This is not an outstanding place, on the opposite this is the typical familiy-owned venue with a feel of the old Japan. I called it for myself "Asahi Beer" as it's the only thing I could read on the front sign (Thanks to the reader Tokjdm who found the real name : Wakadaisho Matsushima). I found this poorly-lit, laidback restaurant in Ikebukuro, just on the limit of the red light district, on the street on the right when you come out of the JR station (West exit). When I pushed the door I just wanted an unsophisticated cheap joint to eat a bowl and rinse the whole with nihonshu. A sign on the window telling a bowl from the big pot on the fire was only ¥ 325 (2,56 € or 2,70 USD) made me decide for it.
I sat at the counter to order more easily as I could point in the direction of the pot near the shop window, and I ordered some sake to go with that, it was priced also ¥ 325, all that tax included, it's a bit of a mystery but it seems restaurants include the 8 % sales tax when they post prices.
The bowl was invigoratingly savoring, this was some sort of light soup with pork's intestines and a large square block of tofu, this made my dinner. I was asked if i wanted my sake (nihonshu) cold or warm (which I managed to understand) and I chose cold (room temperature) like usual; it was poured from a large 1,8-liter bottle. It's a good thing that a hectic neighborhood like Ikebukuro still has this sort of casual and cheap venue. Loved also the old-time radio station they were airing in there.
Tabelog page for this venue
This restaurant is located in the middle of the red light district at Ikebukuro, at a corner of the busy pedestrian streets with all the crowd of club/special services pushers with long coats trying to entice salarymen and day laborers indoors. Cheap sushi can be found here and there in Tokyo but this one is really what I'd call dirt cheap, with a sushi costing ¥ 75 apiece tax included (0,57 € or 0,62 USD). I think it may be a chain because I saw another similar restaurant elsewhere in town, another example of the fact that the restaurant scene in Tokyo is very diverse and that you can eat for very little.
This is a standing sushi bar, in other words a tachinomi-ya, tou have a plastic menu in both Japanese and English, there . It seems to me that these sushi are smaller than in other places though, and they sell them 2 by 2. This is still a good way to have an appetizer and rinse it with beer or nihonshu. Here is the sushi menu, I remember choosing Yaki-Samon-Mayo, the trick is there doesn't seem to be much fish in there. The other suhi featured are not expensive either, at ¥ 100 apiece. A beer costs ¥ 500 and I think I paid my nihonshu the same price (oddly it's not listed on the menu). B. says that the fish certainly comes from dubious areas off the Fukushima coast... Let's say that I don't really believe it or I'm fatalist.
I stumbled upon this wine shop by chance, I was walking in a side street of Ginza looking for a wine bar which B. had spotted a couple weeks before and I saw this shop window with inside lots of messy bottles, I walked in and saw that the wines were pretty well selected including sought-after artisan wines. Mr Koizumi gave me his business card and I had him pose for a picture with this bottle of Grand Cru Mambourg from Marcel Deiss. There are many quality wines at an affordable price, I spotted several of them around ¥ 2500 (19 € or 20 USD). Address : 4-3-4 Ginza, Chuo-ku, Tokyo 104-0061 -- phone 3561-3226 -- mail email@example.com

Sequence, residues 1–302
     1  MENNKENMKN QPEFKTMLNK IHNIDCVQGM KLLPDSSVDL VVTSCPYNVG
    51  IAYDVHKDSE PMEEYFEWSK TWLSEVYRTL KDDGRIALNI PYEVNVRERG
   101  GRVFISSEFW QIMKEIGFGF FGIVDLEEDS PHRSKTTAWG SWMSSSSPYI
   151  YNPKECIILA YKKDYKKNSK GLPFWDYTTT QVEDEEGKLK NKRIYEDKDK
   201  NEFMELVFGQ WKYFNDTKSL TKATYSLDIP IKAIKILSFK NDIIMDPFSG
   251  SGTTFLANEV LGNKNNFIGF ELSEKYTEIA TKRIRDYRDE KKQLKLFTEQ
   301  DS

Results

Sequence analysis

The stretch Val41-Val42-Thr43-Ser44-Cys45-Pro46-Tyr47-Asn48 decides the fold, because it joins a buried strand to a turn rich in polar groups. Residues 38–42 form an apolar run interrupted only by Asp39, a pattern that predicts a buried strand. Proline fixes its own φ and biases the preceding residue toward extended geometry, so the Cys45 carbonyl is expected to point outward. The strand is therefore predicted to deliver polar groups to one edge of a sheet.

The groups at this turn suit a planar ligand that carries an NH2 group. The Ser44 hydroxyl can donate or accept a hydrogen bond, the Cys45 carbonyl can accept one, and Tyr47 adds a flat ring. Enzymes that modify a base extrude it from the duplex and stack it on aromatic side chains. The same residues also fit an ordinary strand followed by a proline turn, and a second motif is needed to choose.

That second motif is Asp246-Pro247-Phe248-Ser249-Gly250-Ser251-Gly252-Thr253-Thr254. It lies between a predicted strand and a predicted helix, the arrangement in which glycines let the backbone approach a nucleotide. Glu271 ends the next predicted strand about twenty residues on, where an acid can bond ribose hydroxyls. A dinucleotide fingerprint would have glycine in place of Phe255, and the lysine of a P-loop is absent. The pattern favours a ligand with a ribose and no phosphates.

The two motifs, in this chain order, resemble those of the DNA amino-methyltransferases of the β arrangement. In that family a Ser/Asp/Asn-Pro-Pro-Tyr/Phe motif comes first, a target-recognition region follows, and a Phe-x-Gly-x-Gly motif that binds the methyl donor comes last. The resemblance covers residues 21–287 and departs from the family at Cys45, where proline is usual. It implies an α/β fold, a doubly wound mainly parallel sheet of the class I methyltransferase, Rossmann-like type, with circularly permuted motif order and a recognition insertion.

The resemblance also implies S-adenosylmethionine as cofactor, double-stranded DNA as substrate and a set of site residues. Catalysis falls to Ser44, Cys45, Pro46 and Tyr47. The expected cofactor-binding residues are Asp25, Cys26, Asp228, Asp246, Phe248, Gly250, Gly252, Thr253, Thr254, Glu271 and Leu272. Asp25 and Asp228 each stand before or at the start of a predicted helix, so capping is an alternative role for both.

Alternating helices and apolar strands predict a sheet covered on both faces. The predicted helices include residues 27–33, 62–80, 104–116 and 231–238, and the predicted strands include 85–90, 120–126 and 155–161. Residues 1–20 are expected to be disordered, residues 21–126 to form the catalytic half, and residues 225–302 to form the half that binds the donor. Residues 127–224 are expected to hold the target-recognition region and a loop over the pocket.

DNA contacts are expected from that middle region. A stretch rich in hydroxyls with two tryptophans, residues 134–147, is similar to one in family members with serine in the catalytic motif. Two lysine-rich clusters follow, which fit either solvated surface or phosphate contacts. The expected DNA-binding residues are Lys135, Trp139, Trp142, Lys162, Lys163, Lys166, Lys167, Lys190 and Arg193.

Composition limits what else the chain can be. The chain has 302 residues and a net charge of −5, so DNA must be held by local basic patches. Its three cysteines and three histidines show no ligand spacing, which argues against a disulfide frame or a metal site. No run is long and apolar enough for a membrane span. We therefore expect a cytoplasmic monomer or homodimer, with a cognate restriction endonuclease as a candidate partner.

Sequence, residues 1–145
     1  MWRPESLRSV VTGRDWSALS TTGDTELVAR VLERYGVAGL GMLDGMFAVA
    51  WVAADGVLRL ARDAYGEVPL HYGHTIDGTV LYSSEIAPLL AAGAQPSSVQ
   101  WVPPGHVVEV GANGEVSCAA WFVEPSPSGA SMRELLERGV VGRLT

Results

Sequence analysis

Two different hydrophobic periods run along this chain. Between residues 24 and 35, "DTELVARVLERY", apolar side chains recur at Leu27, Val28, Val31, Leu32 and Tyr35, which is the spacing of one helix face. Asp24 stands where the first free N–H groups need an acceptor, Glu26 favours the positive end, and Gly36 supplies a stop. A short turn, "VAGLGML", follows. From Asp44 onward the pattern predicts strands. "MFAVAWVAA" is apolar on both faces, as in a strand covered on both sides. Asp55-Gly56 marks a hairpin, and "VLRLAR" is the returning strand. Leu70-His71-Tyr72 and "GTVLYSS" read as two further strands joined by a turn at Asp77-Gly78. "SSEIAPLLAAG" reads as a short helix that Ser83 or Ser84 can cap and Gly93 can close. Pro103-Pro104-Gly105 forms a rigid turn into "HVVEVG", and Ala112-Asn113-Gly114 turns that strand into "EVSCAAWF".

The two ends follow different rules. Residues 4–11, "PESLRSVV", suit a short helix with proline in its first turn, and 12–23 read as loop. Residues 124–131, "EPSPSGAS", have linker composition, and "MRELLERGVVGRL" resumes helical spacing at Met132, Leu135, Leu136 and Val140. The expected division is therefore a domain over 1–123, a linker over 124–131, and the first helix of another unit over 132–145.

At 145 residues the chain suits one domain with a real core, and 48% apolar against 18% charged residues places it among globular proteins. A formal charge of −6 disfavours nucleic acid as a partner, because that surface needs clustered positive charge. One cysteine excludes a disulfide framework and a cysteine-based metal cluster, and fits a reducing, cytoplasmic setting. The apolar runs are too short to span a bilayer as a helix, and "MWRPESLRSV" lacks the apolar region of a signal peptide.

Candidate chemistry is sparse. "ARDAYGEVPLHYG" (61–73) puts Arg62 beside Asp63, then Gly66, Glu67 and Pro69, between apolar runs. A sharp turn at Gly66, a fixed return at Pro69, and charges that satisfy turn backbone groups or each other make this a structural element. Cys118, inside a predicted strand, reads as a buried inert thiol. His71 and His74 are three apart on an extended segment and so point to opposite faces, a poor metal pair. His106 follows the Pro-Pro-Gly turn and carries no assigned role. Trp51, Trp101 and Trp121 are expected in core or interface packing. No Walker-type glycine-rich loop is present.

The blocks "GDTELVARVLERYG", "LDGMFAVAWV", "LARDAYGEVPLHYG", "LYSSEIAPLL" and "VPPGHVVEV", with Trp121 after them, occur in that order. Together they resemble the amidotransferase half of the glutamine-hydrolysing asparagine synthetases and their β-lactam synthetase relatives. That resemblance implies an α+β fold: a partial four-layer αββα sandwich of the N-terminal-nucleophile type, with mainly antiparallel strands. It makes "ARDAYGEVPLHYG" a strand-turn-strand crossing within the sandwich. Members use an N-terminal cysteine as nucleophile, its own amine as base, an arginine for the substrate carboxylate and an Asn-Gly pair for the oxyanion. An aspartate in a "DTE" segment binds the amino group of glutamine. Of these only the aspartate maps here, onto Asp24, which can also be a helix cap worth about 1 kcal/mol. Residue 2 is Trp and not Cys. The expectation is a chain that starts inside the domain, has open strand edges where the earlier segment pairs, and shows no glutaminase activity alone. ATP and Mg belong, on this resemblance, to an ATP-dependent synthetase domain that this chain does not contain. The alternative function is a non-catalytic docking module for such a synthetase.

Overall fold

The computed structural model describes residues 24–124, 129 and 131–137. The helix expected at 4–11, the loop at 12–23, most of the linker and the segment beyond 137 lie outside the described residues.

According to the business card the pace's name is Les Vinophiles Ginza-ya, it's a wine shop which sells also through its web page. From what I understand they also hold wine dinners, they call them L'Atelier des Vinophiles. Here is the map location, it's a short walk from the Sony building in Ginza
This is a restaurant where you can have natural wines, it's French cuisine but basically you can come there just for the wine and order a small thing to eat with. I've not been there but it's said to be a serious venue. It's on a quiet side street from the one with the wine shop, easy to find I think. Here is the location map. This is one of the string of restaurants and wine bars that were opened long time ago by Hiroto Maruyama, one of the Japanese pioneers who introduced natural wines to the French public.
A few meters down the same street with the wine shop (at the end of the street actually) you find Vin Vie, it's also a restaurant/wine bar owned by Maruyama, the venue is the whole 3-story building with the red roller blinds, there is a standing bar and also a terrace, I've not been inside either but I think it's worth a try, hoping the prices are reasonable.
This restaurant seems to be recently opened compared to "Aux Amis", I hadn't heard about it before. That's the place B. saw inadvertedly a couple of weeks before my own trip, she couldn't get in because it was closed. The name "Vin Vie" is a reference in French to the living wines they pour there, the Japanese pronounce it like bambi as they have trouble uttering Vs.
Fin the map and directions here.
Here is the tabelog profile of Vin-Vie.
This page may push you to make excesses and I would be sorry that this story ends bad for you, so pay attention to the dangers of drinking over the limit and staggering your way back home through the metro system. The Yurakucho line has this cute poster to warn salarymen about their after-work binge drinking resulting in harmful accidents....